10-26-2015, 05:22 AM

Topic: Using the Normal Distribution

Suppose that the demand for a company’s product in weeks 1, 2, and 3 are each normally distributed and the mean demand during each of these three weeks is 50, 45, and 65, respectively. Suppose the standard deviation of the demand during each of these three weeks is known to be 10, 5, and 15, respectively. It turns out that if we can assume that these three demands are probabilistically independent then the total demand for the three week period is also normally distributed. And, the mean demand for the entire three week period is the sum of the individual means. Likewise, the variance of the demand for the entire three week period is the sum of the individual weekly variances. But be careful! The standard deviation of the demand for the entire 3 week period is not the sum of the individual standard deviations. Square roots don’t work that way!

Now, suppose that the company currently has 180 units in stock, and it will not be receiving any further shipments from its supplier for at least 3 weeks. What is the probability that the company will run out of units?

Keep in mind that your post must be made by 11:55PM EASTERN time on Wednesday during the week in which a discussion question is posed. I will evaluate your responses to each of these questions using a 0 to 10 point scale, and your contribution to each of the five Discussion Forums will count as 2 percent of the overall course grade for a total of 10 percent.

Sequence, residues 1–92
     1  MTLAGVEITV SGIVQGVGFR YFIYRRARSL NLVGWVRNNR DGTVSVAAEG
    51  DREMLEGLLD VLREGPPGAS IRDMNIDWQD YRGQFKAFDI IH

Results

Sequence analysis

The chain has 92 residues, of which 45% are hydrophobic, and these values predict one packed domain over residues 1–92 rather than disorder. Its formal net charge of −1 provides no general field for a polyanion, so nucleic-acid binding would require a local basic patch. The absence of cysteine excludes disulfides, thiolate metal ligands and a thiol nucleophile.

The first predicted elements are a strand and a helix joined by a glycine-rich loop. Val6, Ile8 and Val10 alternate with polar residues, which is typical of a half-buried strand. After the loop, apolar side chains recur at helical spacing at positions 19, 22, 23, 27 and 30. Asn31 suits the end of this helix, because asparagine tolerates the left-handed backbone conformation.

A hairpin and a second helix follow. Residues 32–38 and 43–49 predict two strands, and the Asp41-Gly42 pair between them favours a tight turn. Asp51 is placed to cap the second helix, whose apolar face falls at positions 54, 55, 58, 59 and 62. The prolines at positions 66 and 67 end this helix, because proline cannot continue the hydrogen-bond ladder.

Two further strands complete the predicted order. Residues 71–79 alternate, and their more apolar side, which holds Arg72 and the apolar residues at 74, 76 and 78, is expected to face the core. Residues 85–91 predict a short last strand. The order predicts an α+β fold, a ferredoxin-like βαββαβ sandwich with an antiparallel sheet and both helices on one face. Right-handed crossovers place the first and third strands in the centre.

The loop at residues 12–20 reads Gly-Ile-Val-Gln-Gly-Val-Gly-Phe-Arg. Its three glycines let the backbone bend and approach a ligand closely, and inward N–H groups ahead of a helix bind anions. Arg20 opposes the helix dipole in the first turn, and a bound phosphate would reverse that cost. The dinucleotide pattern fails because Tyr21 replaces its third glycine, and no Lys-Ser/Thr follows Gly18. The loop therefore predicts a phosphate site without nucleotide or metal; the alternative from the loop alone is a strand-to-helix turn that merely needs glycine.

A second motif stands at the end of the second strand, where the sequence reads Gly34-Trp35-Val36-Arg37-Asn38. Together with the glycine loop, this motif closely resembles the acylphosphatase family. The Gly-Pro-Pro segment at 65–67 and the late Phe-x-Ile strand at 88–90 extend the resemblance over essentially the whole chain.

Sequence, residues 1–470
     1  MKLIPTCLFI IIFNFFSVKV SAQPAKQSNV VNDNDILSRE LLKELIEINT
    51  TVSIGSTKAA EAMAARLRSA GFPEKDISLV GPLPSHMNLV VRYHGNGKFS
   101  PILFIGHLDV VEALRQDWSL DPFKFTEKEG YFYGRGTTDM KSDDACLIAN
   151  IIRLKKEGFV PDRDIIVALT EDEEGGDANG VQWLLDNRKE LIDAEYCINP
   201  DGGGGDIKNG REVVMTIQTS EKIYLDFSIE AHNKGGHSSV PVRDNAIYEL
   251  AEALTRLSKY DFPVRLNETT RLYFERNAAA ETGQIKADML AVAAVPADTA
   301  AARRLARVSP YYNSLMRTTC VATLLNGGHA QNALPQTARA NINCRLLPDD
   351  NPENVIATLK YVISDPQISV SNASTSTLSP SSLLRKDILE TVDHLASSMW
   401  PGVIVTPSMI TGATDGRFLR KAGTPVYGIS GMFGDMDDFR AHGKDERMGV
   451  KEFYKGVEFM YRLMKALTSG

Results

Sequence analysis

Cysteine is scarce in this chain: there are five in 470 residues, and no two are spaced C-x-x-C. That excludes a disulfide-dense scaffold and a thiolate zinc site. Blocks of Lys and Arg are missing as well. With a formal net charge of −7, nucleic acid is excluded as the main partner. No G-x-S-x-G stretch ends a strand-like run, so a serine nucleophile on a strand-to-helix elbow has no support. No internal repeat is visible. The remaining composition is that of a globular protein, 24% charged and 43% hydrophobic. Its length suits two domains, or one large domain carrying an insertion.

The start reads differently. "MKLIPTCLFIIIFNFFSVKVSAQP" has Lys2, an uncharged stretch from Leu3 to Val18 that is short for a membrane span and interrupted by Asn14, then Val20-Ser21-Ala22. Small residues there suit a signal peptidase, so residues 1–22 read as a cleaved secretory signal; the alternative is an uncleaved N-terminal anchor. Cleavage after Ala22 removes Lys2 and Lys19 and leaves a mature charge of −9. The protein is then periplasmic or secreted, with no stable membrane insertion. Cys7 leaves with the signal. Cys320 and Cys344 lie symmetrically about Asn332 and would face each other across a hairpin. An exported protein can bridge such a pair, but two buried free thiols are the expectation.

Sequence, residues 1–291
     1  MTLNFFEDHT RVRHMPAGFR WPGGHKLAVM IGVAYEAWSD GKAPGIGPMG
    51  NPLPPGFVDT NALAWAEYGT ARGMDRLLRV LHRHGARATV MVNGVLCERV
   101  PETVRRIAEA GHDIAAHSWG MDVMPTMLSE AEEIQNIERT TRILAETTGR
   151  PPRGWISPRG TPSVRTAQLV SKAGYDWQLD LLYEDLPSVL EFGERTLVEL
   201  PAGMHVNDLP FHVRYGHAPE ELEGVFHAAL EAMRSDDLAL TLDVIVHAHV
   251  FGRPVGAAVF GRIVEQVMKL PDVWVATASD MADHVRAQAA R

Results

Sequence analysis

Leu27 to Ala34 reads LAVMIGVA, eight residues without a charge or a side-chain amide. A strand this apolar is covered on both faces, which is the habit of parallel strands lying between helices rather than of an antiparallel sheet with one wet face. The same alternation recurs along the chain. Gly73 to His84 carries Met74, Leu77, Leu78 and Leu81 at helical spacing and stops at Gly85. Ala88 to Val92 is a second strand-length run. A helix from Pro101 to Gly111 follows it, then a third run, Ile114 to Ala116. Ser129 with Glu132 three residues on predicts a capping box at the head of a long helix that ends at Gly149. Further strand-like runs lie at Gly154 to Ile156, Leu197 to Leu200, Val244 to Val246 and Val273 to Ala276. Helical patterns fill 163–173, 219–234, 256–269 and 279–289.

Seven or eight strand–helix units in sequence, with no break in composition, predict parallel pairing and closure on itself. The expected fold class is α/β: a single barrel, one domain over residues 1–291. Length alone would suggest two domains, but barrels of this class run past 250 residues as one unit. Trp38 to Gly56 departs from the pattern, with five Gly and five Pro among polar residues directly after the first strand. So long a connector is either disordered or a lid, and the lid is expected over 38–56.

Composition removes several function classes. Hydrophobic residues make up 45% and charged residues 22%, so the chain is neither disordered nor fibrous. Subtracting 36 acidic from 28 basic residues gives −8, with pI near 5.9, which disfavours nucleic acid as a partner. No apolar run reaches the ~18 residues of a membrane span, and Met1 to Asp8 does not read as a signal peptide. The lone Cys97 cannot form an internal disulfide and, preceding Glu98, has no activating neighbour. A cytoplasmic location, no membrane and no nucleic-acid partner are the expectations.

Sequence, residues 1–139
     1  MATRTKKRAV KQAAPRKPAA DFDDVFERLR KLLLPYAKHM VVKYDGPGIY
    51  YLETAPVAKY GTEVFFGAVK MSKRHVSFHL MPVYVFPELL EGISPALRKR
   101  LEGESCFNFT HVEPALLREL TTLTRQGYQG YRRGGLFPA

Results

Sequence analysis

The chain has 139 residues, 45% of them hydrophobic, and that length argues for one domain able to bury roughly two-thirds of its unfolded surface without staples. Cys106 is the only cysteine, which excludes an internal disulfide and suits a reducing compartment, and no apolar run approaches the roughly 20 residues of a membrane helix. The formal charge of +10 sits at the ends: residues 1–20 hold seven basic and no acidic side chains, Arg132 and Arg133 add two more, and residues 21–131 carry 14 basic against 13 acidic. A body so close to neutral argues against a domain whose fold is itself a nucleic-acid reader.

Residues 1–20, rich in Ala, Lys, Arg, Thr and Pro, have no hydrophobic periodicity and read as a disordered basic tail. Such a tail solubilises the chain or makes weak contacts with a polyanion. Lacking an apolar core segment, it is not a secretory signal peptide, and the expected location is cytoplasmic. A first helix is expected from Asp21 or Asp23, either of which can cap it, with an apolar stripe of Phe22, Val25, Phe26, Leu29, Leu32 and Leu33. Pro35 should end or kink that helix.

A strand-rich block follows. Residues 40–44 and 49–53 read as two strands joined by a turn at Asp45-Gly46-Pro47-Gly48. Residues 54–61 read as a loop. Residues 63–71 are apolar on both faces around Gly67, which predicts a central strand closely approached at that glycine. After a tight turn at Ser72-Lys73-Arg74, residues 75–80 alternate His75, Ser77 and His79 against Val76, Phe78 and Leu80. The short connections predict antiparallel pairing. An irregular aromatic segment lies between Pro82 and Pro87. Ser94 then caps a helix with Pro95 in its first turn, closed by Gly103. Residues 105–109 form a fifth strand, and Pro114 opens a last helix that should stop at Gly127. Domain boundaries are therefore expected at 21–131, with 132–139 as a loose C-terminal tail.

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To make a post to this week's Discussion Forum, click on the Using the Normal Distribution link, then click Start a New Conversation. In the title block of the dialog box that appears insert your first and last name; compose your post in the message box; and then click Post Message.

Suppose that the demand for a company’s product in weeks 1, 2, and 3 are each normally distributed and the mean demand during each of these three weeks is 50, 45, and 65, respectively. Suppose the standard deviation of the demand during each of these three weeks is known to be 10, 5, and 15, respectively. It turns out that if we can assume that these three demands are probabilistically independent then the total demand for the three week period is also normally distributed. And, the mean demand for the entire three week period is the sum of the individual means. Likewise, the variance of the demand for the entire three week period is the sum of the individual weekly variances. But be careful! The standard deviation of the demand for the entire 3 week period is not the sum of the individual standard deviations. Square roots don’t work that way!

Now, suppose that the company currently has 180 units in stock, and it will not be receiving any further shipments from its supplier for at least 3 weeks. What is the probability that the company will run out of units?

Keep in mind that your post must be made by 11:55PM EASTERN time on Wednesday during the week in which a discussion question is posed. I will evaluate your responses to each of these questions using a 0 to 10 point scale, and your contribution to each of the five Discussion Forums will count as 2 percent of the overall course grade for a total of 10 percent.

My evaluation of your post will be based on the extent to which you participated and fostered a positive and effective learning environment--for yourself and others. Participating and sharing are the keys. Naturally, simply copying someone else's post is prohibited. Your post should reflect your understanding of the question posed. In addition to the computations you employed to arrive at your response, your post must contain comments regarding the rationale for the approach you utilized. Simply listing an answer is of no real value in promoting a discussion.

To make a post to this week's Discussion Forum, click on the Using the Normal Distribution link, then click Start a New Conversation. In the title block of the dialog box that appears insert your first and last name; compose your post in the message box; and then click Post Message.